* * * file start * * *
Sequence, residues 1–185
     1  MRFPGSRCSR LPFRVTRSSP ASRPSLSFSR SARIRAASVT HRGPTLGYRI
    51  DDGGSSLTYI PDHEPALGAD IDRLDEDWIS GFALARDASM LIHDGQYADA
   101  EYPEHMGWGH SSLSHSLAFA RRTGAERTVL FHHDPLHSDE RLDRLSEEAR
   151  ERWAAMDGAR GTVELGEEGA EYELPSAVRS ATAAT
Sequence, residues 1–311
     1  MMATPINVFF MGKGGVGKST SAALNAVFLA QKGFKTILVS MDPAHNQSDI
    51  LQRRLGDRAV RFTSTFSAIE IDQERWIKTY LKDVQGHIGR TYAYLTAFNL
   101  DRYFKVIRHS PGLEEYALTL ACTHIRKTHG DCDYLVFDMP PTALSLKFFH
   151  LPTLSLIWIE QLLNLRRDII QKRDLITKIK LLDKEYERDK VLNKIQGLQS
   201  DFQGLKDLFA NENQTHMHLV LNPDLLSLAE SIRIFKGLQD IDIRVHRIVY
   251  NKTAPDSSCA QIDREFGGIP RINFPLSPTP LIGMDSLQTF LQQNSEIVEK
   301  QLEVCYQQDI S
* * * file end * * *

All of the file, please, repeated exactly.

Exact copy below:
Sequence, residues 1–185
     1  MRFPGSRCSR LPFRVTRSSP ASRPSLSFSR SARIRAASVT HRGPTLGYRI
    51  DDGGSSLTYI PDHEPALGAD IDRLDEDWIS GFALARDASM LIHDGQYADA
   101  EYPEHMGWGH SSLSHSLAFA RRTGAERTVL FHHDPLHSDE RLDRLSEEAR
   151  ERWAAMDGAR GTVELGEEGA EYELPSAVRS ATAAT
Sequence, residues 1–311
     1  MMATPINVFF MGKGGVGKST SAALNAVFLA QKGFKTILVS MDPAHNQSDI
    51  LQRRLGDRAV RFTSTFSAIE IDQERWIKTY LKDVQGHIGR TYAYLTAFNL
   101  DRYFKVIRHS PGLEEYALTL ACTHIRKTHG DCDYLVFDMP PTALSLKFFH
   151  LPTLSLIWIE QLLNLRRDII QKRDLITKIK LLDKEYERDK VLNKIQGLQS
   201  DFQGLKDLFA NENQTHMHLV LNPDLLSLAE SIRIFKGLQD IDIRVHRIVY
   251  NKTAPDSSCA QIDREFGGIP RINFPLSPTP LIGMDSLQTF LQQNSEIVEK
   301  QLEVCYQQDI S